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We are grateful to Paul Cashin, Nigel Chalk, Roberto Garcia-Saltos, Chetan Ghate, Laura Papi, Rafael Portillo, Thomas Richardson, and our colleagues in the Asia and Pacific Department for helpful comments and discussions. We benefited from the feedback received from seminar participants at the Reserve Bank of India (November, 2013), at the NIPFP-DEA Annual Research Program (February, 2014), and at the Indian Statistical Institute, New Delhi (April, 2014).
The Urjit Patel Committee Report (RBI, 2014) also reflects on the role of these factors arguing for the need to pay attention to food and fuel inflation: “High inflation in food and energy items is generally reflected in elevated inflation expectations. With a lag, this gets manifested in the inflation of other items, particularly services. Shocks to food inflation and fuel inflation also have a much larger and more persistent impact on inflation expectations than shocks to non-food non-fuel inflation.”
Mahatma Gandhi National Rural Employment Guarantee Act (MGNREGA).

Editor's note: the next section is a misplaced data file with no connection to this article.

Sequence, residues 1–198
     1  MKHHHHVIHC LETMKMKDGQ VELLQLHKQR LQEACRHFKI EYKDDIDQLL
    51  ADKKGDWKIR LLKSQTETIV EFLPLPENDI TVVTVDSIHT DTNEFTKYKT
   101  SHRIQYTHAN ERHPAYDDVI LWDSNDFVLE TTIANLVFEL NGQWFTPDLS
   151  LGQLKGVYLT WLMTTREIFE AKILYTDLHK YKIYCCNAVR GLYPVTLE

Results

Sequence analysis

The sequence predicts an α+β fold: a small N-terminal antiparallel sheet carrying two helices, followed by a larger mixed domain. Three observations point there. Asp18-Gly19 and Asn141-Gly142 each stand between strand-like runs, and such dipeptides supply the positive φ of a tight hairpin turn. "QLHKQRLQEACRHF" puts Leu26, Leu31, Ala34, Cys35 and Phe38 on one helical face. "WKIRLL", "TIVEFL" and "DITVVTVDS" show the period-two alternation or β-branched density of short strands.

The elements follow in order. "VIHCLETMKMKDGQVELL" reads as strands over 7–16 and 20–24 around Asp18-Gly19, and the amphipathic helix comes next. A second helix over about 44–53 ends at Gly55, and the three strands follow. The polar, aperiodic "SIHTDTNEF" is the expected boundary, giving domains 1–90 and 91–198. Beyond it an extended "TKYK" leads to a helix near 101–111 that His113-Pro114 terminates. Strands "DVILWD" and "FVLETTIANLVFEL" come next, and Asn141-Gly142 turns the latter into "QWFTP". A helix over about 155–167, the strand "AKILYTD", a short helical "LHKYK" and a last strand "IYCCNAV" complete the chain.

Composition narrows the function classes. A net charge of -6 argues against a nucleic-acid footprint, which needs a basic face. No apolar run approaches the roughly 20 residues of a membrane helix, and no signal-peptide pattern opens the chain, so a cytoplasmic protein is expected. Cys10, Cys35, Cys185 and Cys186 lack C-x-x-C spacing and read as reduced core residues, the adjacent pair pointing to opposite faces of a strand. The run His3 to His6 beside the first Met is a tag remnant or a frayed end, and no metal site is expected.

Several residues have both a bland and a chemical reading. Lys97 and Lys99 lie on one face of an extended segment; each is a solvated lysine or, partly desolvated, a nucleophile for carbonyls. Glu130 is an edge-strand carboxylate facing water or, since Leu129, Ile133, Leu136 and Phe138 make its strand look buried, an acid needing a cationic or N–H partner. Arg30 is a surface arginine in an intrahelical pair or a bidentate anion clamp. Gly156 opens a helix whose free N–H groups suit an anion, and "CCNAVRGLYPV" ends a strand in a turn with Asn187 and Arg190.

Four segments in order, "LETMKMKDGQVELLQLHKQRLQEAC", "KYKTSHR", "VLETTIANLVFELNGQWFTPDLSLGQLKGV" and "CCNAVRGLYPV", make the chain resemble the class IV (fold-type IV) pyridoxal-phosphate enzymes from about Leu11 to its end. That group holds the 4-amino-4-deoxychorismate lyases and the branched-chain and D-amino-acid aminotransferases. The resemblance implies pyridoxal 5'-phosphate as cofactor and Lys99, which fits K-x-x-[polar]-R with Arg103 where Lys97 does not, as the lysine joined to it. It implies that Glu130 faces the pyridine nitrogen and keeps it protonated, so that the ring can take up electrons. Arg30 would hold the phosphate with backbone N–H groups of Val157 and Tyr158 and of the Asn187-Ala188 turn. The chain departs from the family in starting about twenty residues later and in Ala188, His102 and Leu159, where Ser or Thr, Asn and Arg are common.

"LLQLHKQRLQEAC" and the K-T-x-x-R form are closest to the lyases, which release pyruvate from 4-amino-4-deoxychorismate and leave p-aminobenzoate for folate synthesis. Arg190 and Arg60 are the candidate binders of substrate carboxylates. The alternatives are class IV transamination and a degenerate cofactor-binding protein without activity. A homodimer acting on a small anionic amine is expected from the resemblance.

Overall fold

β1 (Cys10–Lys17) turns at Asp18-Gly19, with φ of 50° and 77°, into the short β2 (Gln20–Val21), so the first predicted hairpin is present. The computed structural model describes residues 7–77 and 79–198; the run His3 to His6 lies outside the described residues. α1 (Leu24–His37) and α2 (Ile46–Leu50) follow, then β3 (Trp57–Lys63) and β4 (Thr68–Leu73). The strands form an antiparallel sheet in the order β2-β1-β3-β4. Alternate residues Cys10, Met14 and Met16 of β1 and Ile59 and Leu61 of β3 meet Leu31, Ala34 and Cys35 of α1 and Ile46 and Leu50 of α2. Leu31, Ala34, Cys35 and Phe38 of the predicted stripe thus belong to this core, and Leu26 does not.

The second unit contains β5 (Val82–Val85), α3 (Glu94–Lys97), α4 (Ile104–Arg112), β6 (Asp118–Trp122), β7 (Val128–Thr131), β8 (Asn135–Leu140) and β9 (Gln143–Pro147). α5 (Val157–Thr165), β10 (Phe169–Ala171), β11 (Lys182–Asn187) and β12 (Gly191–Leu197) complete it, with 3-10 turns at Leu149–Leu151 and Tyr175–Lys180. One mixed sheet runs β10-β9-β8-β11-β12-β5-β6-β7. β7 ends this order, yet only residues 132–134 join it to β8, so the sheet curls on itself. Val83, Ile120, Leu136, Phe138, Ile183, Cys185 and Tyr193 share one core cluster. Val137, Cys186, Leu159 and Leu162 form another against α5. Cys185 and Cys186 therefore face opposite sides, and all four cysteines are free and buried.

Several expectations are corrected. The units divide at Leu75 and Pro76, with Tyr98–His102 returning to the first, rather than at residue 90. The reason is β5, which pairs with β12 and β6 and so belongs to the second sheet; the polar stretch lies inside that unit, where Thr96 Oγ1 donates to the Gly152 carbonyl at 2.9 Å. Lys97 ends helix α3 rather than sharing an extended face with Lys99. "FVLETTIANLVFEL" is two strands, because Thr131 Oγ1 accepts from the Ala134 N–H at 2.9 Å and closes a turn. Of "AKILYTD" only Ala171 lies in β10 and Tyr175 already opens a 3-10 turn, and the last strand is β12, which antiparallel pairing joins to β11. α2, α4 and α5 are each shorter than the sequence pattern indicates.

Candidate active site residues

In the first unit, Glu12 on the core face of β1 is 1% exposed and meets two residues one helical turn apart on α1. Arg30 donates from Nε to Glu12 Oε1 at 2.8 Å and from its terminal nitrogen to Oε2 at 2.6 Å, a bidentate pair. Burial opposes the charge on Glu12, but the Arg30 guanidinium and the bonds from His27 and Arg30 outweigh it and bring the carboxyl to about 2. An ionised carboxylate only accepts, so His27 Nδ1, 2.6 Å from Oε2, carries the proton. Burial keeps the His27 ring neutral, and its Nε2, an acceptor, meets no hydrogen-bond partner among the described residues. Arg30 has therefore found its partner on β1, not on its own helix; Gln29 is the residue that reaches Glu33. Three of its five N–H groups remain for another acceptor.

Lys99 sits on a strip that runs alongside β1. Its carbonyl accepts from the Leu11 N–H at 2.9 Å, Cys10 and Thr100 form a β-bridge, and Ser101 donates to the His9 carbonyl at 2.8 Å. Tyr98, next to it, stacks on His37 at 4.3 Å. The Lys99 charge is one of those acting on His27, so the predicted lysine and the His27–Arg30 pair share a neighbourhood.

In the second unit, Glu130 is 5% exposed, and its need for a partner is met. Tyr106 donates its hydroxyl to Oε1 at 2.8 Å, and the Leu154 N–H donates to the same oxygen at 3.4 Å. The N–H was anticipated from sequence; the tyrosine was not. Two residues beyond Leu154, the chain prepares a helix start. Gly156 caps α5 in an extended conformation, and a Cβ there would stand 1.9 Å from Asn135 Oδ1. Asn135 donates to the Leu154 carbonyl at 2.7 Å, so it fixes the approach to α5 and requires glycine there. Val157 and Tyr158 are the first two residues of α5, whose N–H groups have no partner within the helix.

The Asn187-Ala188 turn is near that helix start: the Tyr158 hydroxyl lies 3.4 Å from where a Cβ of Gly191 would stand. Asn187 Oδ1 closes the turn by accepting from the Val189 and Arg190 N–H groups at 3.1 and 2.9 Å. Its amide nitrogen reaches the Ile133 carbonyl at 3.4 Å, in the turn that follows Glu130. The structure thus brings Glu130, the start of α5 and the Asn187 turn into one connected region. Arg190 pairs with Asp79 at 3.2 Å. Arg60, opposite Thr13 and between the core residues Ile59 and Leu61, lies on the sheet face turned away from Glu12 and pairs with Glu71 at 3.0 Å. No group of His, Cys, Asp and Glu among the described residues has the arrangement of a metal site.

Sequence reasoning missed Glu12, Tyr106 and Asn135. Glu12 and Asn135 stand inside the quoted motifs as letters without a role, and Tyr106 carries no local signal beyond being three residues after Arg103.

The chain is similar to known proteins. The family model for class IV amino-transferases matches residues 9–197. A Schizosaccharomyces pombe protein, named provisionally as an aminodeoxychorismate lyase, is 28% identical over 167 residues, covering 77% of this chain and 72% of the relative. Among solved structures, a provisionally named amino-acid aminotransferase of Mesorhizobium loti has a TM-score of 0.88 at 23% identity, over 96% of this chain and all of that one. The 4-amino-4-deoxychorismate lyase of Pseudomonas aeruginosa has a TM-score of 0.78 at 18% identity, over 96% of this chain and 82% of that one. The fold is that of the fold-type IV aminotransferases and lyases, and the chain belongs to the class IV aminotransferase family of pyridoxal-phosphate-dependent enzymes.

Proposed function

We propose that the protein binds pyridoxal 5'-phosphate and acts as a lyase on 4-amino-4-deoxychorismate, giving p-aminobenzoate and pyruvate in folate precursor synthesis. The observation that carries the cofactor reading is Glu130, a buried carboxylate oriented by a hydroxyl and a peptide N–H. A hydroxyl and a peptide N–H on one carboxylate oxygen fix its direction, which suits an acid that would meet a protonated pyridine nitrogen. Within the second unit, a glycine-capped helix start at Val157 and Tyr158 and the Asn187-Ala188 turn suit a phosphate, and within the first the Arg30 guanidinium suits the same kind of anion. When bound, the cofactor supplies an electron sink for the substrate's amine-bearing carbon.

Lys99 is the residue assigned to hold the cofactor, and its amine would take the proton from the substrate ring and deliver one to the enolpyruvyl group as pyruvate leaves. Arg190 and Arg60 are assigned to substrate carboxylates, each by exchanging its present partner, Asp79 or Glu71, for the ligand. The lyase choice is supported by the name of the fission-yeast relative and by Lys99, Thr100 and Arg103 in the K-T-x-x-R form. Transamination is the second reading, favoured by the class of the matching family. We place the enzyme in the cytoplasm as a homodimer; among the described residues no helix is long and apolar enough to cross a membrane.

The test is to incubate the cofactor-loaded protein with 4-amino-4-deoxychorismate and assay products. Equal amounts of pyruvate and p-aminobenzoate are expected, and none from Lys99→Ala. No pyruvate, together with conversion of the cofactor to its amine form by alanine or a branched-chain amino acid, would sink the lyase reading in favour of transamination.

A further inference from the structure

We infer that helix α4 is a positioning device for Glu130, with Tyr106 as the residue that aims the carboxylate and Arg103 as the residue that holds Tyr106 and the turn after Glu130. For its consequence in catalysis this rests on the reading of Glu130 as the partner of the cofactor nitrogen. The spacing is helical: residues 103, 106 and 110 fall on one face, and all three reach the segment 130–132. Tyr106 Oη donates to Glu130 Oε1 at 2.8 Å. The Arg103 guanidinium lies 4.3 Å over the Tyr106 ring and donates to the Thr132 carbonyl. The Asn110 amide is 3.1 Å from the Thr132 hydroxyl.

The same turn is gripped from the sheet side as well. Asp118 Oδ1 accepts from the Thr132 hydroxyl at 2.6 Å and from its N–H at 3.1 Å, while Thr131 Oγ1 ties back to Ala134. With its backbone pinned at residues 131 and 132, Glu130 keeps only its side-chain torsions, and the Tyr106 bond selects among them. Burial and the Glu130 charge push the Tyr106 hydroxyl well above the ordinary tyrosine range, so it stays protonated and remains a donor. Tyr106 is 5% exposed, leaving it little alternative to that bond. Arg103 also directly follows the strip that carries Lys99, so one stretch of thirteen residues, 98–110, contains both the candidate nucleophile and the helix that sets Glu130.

The estimates reported correspond to CPI-IW inflation. Conclusions remain the same if WPI or CPI-combined (spliced using CPI-IW) inflation is used instead.
We use the U.S. output gap as the proxy for the output gap of the rest of the world.
Core CPI are compiled by staff by stripping out food and energy items from the CPI basket.
An increase in the real exchange rate (z) corresponds here to a real depreciation.
For a detailed description of the Bayesian estimation technique see Schorfheide (2000) and Geweke (1999). Details on the software for estimation can be found in Juillard (2004).
This is also consistent with the cross-country evidence that finds the co-efficient on expected inflation to be below 0.5 (Berg et al., 2006a).
See RBI (2014, page 15) “The CPI-Combined based headline inflation measure appears to be the most feasible and appropriate measure of inflation—as the closest proxy of a true cost of living index—for the conduct of monetary policy.”